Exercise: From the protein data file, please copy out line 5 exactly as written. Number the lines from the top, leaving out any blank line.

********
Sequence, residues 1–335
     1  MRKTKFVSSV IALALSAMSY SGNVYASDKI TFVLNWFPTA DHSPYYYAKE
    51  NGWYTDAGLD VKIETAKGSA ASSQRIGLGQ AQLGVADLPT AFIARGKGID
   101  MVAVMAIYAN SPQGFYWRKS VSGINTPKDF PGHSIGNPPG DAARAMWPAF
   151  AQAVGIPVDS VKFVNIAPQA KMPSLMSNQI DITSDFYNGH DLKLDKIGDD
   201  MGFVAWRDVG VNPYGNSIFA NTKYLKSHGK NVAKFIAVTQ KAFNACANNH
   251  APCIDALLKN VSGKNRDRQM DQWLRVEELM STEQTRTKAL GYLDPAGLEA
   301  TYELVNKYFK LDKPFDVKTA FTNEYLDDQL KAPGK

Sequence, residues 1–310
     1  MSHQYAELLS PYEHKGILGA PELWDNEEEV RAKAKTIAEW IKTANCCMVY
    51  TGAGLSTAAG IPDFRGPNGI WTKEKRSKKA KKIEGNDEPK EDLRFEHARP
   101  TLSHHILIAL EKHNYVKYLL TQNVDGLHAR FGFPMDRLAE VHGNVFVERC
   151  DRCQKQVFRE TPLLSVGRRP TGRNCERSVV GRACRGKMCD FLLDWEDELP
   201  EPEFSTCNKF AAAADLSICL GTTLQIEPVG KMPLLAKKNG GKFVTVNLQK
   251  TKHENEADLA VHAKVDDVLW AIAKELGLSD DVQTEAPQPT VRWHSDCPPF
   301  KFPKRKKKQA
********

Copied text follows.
   151  AQAVGIPVDS VKFVNIAPQA KMPSLMSNQI DITSDFYNGH DLKLDKIGDD